# Merging Two Binary Search Trees

I'm looking for an algorithm to merge two binary search trees of arbitrary size and range. The obvious way I would go about implementing this would be to find entire subtrees whose range can fit into an arbitrary external node in the other tree. However, the worst case running time for this type of algorithm seems to be on the order of O(n+m) where n and m are the size of each tree respectively.

However, I've been told that this could be done in O(h), where h is the height of the tree with the larger height. And I'm completely lost on how this is possible. I've tried experimenting with rotating one the trees first, but rotating a tree into a spine is already O(h).

• I do not know erick I have the same question too.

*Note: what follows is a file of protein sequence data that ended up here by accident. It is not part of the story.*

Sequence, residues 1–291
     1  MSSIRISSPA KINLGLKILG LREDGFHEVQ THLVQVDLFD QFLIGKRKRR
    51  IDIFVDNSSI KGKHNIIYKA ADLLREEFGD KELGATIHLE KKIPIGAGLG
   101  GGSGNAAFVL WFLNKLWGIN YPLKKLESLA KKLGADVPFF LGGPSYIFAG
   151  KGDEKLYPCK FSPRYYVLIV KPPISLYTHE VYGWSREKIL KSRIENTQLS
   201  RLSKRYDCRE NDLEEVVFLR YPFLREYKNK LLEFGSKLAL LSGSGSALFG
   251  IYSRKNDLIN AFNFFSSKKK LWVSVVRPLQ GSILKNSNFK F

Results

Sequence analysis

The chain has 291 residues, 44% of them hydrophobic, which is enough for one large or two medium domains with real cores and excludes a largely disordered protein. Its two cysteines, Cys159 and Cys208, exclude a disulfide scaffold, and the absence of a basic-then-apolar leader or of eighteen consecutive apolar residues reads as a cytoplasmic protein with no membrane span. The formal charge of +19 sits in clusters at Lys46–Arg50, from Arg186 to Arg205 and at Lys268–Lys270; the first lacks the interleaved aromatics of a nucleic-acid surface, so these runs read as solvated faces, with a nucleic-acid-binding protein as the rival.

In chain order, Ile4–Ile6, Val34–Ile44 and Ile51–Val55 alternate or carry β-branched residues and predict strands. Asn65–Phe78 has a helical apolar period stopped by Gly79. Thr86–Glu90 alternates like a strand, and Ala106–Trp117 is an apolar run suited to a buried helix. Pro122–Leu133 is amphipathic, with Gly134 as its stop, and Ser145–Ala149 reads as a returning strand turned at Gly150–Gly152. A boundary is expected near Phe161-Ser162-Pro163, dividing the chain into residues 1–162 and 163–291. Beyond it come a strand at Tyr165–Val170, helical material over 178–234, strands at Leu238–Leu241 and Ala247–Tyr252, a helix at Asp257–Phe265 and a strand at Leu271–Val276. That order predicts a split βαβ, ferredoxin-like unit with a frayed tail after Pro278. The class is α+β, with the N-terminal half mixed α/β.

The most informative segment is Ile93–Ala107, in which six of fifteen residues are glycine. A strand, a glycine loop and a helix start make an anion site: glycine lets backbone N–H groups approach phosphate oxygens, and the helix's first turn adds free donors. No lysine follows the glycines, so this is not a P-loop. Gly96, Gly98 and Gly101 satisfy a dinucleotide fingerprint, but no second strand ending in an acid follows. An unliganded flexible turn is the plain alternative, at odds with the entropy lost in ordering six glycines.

– user8556
Feb 26, 2012 at 23:54
• To be fair, this was a question given in an Algorithms homework. It turns out that O(h) is too strict of a runtime, as the question forgot to give more necessary information: That all of the keys from one tree were smaller than all of the keys in the right tree. Mar 1, 2012 at 22:23
• Am I missing something, wouldn't merging binary trees be easily done in O(log n) with a simple move node function?
– A T
Mar 3, 2012 at 3:35
• @AT Yes, but we didn't know that the keys from one BST was mutually exclusive from the other. Mar 4, 2012 at 20:16